Gorbachev was rather good-looking. I was surprised that the large blemish on his forehead was so nondescript and barely noticeable. He looked healthy and extremely confident—unlike a recent television scene where he appeared like a fallen leader.

We sat down in a small coffee table setting. I said I was deeply honored to have the opportunity to meet him. He then replied with a comment that caught me entirely off guard. He said: “Haven’t we met before?” It was a clever way for Gorbachev to put me at ease, subliminally conveying a message that perhaps I was important enough to be remembered. I had heard that Gorbachev was a consummate politician, charming and personable, and it was wonderful to see that for myself. I went along with the pretense, so I fumbled my words in responding and left the impression that perhaps we met in a large gathering or conference he addressed.

After this unexpected beginning, I introduced myself as a lawyer in a large firm in Washington, DC, which had been involved in Western business initiatives in Russia since 1988. Gorbachev responded that he had just heard on the news that a political initiative in Washington might reduce or eliminate U.S. financial assistance to Russia. After a moment to reflect, I replied that the Clinton administration was very committed to Russian reforms. I added that I thought President Bill Clinton considered Gorbachev’s initiatives of enormous importance, changing the underlying psychology of the relationship between the United States and Russia.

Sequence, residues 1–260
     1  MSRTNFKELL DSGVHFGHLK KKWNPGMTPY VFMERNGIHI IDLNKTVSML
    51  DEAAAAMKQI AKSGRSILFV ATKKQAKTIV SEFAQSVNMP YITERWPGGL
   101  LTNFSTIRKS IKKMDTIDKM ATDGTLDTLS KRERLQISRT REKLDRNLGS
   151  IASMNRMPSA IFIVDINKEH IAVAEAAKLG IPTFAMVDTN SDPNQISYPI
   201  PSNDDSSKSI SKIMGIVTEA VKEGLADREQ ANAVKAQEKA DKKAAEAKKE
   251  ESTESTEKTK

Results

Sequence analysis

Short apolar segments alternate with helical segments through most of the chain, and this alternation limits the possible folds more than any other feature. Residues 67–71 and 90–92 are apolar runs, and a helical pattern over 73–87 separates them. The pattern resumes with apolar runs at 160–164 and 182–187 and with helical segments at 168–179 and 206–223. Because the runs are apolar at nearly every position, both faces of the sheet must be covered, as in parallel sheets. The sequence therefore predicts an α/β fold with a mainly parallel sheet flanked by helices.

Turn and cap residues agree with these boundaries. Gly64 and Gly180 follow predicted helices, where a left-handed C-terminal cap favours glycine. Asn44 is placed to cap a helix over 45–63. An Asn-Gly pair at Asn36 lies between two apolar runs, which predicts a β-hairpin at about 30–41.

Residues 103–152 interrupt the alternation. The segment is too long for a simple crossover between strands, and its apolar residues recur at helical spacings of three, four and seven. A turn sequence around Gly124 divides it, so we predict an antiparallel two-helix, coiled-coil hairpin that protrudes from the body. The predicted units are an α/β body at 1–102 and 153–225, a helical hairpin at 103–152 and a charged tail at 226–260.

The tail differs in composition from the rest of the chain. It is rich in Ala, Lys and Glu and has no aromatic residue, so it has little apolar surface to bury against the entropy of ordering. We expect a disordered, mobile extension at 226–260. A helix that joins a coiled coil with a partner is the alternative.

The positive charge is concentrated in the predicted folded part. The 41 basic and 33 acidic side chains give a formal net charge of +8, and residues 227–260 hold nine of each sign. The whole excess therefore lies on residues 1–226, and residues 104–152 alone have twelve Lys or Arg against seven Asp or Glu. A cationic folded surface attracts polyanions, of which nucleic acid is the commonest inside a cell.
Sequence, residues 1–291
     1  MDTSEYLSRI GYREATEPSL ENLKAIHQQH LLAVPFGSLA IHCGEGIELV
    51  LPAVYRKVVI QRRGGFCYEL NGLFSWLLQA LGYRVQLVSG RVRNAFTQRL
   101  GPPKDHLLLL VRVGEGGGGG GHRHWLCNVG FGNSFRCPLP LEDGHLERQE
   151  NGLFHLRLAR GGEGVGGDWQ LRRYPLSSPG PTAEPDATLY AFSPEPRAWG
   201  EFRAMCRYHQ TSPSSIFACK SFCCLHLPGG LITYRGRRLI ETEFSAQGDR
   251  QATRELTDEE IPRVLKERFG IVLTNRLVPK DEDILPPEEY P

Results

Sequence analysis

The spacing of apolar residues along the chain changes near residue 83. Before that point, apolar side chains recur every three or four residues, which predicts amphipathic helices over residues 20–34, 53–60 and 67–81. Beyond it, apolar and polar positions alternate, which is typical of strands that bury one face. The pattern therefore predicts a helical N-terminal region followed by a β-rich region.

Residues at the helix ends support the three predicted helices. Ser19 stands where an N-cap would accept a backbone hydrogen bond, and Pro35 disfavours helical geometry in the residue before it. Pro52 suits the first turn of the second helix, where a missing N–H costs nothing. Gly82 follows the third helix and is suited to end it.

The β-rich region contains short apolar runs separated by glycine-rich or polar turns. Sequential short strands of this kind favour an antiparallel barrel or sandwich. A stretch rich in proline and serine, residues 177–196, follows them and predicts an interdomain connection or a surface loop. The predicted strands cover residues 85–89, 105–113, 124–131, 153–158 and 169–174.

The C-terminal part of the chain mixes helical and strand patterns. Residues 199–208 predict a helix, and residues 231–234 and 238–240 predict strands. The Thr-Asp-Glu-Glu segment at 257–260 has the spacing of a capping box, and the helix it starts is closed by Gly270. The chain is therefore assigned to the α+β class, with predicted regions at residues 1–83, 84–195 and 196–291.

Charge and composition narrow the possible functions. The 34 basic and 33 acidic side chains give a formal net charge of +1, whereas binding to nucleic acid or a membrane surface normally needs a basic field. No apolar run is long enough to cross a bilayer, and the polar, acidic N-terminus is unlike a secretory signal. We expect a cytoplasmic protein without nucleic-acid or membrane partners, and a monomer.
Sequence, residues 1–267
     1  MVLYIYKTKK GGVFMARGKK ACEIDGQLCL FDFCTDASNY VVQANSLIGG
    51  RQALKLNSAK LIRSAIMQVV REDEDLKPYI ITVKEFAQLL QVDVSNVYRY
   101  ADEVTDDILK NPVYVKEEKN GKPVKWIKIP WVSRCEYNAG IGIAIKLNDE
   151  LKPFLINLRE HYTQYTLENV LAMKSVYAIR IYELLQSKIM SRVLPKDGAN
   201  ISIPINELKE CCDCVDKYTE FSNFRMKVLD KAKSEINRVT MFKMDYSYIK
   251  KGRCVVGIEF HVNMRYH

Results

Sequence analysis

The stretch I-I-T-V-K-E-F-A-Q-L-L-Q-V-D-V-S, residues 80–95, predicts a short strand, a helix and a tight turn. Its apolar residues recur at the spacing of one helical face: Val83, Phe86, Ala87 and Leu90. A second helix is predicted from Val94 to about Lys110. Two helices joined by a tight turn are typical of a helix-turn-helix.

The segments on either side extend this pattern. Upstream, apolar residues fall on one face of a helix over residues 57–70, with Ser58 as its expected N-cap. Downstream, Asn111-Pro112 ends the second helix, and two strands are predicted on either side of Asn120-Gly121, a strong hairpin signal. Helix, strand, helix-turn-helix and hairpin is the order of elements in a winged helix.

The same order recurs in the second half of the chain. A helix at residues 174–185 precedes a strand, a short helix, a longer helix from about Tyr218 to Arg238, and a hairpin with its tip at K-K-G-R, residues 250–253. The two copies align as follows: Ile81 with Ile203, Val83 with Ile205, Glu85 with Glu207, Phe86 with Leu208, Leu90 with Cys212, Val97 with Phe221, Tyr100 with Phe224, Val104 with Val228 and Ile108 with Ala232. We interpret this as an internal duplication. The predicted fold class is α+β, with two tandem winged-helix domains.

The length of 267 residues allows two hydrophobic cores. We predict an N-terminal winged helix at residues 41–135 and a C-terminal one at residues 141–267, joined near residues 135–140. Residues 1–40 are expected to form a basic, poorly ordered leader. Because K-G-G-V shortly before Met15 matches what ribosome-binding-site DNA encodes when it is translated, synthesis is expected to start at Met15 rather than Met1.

Gorbachev replied that he had never met Clinton—a very telling comment because two weeks earlier, Clinton paid a brief visit to Moscow. In addition to his meeting with Boris Yeltsin, Clinton met Gennady Zyuganov, the head of the Communist Party, who was the other leading presidential candidate in the first round of the upcoming presidential elections. The snub to Gorbachev was obvious to all and was reported as such.